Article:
By Steve Kriss, Director of Leadership Cultivation & Congregational Resourcing
The year 2015 has been a year of ordinations in Franconia Conference. We’ve been celebrating and marking commitments and calling nearly every six weeks . . . Mike Ford at Blooming Glen, Joe Hackman at Salford, Donna Merow at Ambler, Angela Moyer at Ripple, Kris Wint at Finland, Josh Meyer at Franconia, Samantha Lioi at Whitehall and Ubaldo Rodriguez at New Hope Fellowship in Baltimore for mission work in the Philippines.
Ordination is an ancient process of setting apart leaders for public ministry in the way of Jesus. Within Franconia Conference, we follow a set of procedures that seek to honor both the individual and the community while respecting the work of the Spirit within both settings. There is coursework for completion, interviews, paperwork that intends to keep our communities both safe and accountable, mental wellness assessments, varieties of continuing education and varying levels of mentoring. Some of our pastors breeze through the process at a steady and assured pace in the two year minimum waiting and working period of licensing. Others take much longer to plumb the depths of call both personally and communally and to wrestle it out. Personal disclosure, it took me six years of working, waiting and wondering in Allegheny Conference before I could wrap my head around the commitments and calling that ordination entails.
We take this process seriously yet the days of ordination have a more celebratory tone. There are few times in our lives when we make commitments that will shape our life like ordination. In front of a gathered congregation at the request and affirmation of a particular Christian community, we make commitments to serve, lead, pray, study, turn from evil and live into the role of Christian leadership as long as God sustains.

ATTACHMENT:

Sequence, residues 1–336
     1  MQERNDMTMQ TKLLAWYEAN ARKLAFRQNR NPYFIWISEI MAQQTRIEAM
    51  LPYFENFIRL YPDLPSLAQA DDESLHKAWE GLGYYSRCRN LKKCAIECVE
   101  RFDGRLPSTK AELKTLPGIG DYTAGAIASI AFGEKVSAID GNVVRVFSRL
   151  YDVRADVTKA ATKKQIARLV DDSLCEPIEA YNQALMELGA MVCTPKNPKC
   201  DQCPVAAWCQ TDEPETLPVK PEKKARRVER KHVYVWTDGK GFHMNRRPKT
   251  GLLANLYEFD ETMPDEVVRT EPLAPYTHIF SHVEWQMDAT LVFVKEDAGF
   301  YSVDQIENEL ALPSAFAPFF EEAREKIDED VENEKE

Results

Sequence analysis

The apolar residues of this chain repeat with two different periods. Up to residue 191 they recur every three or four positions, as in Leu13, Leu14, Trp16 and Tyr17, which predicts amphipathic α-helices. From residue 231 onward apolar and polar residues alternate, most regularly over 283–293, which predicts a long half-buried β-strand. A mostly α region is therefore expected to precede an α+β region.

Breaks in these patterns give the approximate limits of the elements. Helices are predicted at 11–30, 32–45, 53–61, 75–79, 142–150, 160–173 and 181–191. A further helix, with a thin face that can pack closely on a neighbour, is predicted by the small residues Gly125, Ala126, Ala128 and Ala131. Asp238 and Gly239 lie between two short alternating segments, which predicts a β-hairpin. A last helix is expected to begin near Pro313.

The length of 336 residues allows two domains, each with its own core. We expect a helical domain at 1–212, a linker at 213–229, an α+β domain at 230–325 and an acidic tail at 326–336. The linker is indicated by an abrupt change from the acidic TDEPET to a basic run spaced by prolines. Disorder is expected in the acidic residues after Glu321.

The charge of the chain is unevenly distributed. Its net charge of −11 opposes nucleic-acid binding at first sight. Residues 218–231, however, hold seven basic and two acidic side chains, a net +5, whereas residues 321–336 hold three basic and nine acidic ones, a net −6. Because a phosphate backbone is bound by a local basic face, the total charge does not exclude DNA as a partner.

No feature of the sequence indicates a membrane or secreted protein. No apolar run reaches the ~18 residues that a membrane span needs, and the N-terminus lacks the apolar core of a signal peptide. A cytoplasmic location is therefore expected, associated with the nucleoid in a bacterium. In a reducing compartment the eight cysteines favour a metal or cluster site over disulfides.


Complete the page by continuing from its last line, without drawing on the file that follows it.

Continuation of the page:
Many of us wrestle with the meaning of ordination. I’ve found this human and historic process of calling, recognizing, working and wrestling and receiving becomes quite holy. Somewhere in the wrestling and symbols, the questions and the mundane of the paperwork, the Spirit unfailingly shows up.
In this flurry of ordinations in the midst of a turbulent time, I am confident that the Spirit is still at work with us, trying to bring life. Each person who says yes to the invitation of God and the community strengthens the possibilities of future “yes” responses into the next generation. This round of ordinations represents our first millennial generation ordained ministers, our first Italian American woman, our first ordination for mission work in the Philippines. We’ve called at some of our most historic congregations and our newest. The churches are rural, suburban and urban. We’re recognizing the sons and daughters of historic Franconia Conference families, as well as persons who were drawn to Mennonite congregations by conviction, relationships and call. We’ve held events in Episcopal and Lutheran facilities and even at a Lancaster Conference church in Baltimore. (Interesting side note, a Lancaster Conference African congregation recently used the Towamencin meetinghouse for an ordination worship).
It’s definitely a different time. The ordination process isn’t what it used to be. There’s no somber ceremony with Bibles or hymnals and a slip of paper as in Mennonite history. But the holy moments remain, those wonderful spaces where community and Spirit commingle to cultivate surprising invitations toward ordination and wonderfully amazing continued responses of “yes I am willing.” Every time we ordain, it’s a sign that the church will go on. And in these days of turbulence and questions both in the church and in the culture around us, every yes somehow feels miraculous. And I’m grateful to get to witness it as the Good News still breaks upon us. . . this year about every six weeks.